Should the Marquis de Lafayette be included in the mission statement?
The history of the institution’s founding and naming is inextricably linked with the Marquis de Lafayette (see further information on the Marquis de Lafayette and the history of the College). Some of the feedback from the campus community suggested that a level of caution should be exercised when directly connecting the institution’s mission to a historical figure, and particularly one hailing from a time period of endemically problematic social and political conventions. Ultimately, the steering committee decided that it was important that the Marquis be explicitly named and highlighted in the updated mission statement for several reasons: 1) the historical connection offers a point of distinction for the institution; 2) to acknowledge, as the citizens of Easton wished to do when proposing the College, the admirable service of the Marquis to the young republic. The committee found the following quote from the Marquis to be particularly poignant, as it captures the curious spirit and commitment to rational thought and critical thinking that is indispensable within an academic institution:
- I read, I study, I examine, I listen, I think, and out of all that I try to form an idea into which I put as much common sense as I can.
Considering this rich history and legacy, the committee decided that it is important to name the Marquis in the mission statement, opting to better contextualize the naming within the statement rather than remove the Marquis altogether.
Should sustainability be noted as “environmental sustainability” for one of our institutional values?
The environmental sustainability value is one that the steering committee felt was of utmost importance to be featured in the strategic plan. The first draft of the parameters of the value focused almost exclusively on environmental sustainability issues, but taking into consideration constructive feedback from the campus community, particularly those engaged in sustainability work at the College, a more inclusive and comprehensive description that also addresses the connections between the environment and social, economic, and human rights issues was developed (purposeful sustainability).
Why use the word “leaders” when referencing student development?
Some members of the campus community raised concern over the reference to the institution’s stated dedication to developing student “leaders,” as the term could be interpreted as catering exclusively to students who hold formal leadership positions on campus. The steering committee was particularly swayed by the feedback of students on this point, and decided to maintain the reference to “leaders” with the understanding and acknowledgment that students can lead in a multitude of ways and that the College is committed to helping students discover areas in which they are comfortable authentically leaning into their passions.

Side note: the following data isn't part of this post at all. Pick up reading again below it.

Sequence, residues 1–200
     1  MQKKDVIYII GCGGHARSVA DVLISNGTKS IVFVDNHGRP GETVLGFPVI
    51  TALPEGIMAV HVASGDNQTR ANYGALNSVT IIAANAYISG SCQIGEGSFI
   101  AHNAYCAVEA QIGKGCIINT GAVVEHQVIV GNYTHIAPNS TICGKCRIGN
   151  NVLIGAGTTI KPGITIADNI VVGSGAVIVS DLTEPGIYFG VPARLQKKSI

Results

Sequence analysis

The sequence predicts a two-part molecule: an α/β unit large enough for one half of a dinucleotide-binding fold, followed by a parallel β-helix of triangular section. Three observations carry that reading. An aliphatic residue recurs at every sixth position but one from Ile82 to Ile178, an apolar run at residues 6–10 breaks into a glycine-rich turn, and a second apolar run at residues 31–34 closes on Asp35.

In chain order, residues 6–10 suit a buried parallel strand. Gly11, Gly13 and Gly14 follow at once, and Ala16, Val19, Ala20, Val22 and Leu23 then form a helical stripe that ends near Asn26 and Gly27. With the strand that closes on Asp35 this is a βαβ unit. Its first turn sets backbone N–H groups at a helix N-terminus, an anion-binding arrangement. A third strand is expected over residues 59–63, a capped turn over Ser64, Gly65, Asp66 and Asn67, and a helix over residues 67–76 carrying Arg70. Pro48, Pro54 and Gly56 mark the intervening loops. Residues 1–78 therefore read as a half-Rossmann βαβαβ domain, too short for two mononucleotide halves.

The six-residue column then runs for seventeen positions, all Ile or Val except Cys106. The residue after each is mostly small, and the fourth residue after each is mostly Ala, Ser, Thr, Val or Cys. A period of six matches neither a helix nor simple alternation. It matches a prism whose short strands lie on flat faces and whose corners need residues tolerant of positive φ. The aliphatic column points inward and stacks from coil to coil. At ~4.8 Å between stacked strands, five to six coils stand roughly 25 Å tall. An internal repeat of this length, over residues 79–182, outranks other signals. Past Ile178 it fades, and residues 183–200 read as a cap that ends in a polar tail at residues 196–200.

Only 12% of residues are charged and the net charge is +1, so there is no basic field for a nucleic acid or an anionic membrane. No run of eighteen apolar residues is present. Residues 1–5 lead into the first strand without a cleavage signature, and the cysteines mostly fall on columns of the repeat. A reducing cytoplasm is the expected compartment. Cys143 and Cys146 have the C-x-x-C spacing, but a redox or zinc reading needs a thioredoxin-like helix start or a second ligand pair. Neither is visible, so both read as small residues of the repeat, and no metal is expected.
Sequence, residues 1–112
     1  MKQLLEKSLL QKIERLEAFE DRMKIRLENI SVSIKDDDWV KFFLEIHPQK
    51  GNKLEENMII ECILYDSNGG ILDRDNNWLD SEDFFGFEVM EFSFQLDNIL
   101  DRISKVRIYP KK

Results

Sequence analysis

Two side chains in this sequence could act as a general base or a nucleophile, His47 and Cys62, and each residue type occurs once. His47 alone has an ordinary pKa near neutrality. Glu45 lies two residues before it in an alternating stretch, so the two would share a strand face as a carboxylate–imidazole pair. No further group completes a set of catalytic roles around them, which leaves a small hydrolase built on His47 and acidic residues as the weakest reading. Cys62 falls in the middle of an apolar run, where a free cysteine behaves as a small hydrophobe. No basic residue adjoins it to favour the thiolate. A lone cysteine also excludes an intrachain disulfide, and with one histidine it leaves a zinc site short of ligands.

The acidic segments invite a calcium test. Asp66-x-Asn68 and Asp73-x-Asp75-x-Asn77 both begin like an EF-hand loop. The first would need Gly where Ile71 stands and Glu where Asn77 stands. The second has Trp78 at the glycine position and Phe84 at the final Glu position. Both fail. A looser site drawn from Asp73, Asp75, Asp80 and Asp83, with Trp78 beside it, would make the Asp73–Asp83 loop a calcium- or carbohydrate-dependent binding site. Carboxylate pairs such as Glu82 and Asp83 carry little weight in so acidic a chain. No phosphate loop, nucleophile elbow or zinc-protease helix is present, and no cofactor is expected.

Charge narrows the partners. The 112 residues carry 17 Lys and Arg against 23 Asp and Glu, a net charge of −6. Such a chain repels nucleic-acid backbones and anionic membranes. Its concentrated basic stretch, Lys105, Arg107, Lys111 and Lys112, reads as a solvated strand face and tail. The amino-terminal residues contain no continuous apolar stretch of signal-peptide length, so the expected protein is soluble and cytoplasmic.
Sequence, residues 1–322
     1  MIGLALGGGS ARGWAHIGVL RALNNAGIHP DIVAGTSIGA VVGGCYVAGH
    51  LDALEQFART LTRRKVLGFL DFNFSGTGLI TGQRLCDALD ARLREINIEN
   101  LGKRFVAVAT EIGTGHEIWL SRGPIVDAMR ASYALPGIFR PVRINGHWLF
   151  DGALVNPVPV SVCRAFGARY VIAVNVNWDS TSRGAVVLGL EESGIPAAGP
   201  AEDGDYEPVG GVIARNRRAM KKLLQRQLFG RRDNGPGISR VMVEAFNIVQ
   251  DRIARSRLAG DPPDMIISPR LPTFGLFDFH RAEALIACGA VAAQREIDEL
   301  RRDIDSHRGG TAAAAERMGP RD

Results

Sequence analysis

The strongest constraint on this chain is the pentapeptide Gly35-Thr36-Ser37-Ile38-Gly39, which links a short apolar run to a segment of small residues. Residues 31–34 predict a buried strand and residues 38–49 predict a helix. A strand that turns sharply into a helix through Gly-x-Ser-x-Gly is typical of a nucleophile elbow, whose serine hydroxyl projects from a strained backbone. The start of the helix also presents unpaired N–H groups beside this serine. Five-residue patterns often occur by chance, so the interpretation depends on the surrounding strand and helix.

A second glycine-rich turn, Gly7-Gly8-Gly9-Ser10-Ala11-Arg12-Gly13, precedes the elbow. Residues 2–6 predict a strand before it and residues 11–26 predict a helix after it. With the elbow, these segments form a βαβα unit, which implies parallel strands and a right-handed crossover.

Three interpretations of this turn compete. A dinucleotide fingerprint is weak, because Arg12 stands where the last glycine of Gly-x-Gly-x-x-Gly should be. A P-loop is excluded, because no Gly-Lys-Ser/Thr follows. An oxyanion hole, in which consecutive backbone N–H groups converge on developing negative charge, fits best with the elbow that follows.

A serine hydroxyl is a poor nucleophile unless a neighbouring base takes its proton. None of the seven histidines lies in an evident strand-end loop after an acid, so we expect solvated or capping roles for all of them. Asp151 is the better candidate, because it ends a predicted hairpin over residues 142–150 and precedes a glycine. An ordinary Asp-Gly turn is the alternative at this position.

Should Athletics be called out prominently?
The College recognizes that its NCAA Division I athletic programs, club sports, and recreation programs are integral to both the student and overall campus experience. The steering committee concluded that it was important to explicitly acknowledge the value that athletic events and programming provides to the campus community, along with the additional benefits that sport participation provides in the areas of student development, experiential leadership opportunities, and holistic well-being.
Is the length of value descriptions appropriate?
The steering committee wanted to be rigorous in synthesizing large quantities of information and ideas and distilling them into a message that captured the spirit of the institution. In some cases, this necessitated longform explanations and descriptions of the concepts being communicated. As the community becomes more comfortable with these concepts and their intended meaning, we will explore how best to share our institutional values, and consider producing short form versions that will condense the message into a more quickly digestible format.
Is Lafayette’s teacher-scholar model being highlighted sufficiently?
Lafayette features a unique educational environment in which undergraduate students are offered ample opportunity to engage in scholarship alongside members of the faculty. This characteristic of the college was not well-articulated in the first draft of the mission and values and is now highlighted in the most recent draft because it is both distinctive and vital to the collaborative student-faculty relationship that the College aims to nurture.
Is it genuine and authentic to include the College’s ability to offer an inclusive and equitable educational environment in the mission statement?
Initial drafts of the revised mission statement alluded to the College’s ability to offer an inclusive and equitable educational environment. Feedback from the community, however, emphasized that while some progress has been made in this area, the College still has a lot of work to do in order to realize that ideal. The steering committee found it important that the wording used within the mission statement be aspirational in nature, acknowledging that while the goal has not been accomplished yet, the College will continue to strive to offer a diverse, equitable, inclusive, and socially just environment.
Are Lafayette’s academic divisions and interdisciplinary studies emphasized appropriately?
Both the revised mission statement and draft values make specific mention of “arts and humanities, social sciences, natural sciences, and engineering.” This nomenclature is intentional, as it highlights each of the College’s distinct academic divisions, as well as the opportunity that students are offered to study across disciplines.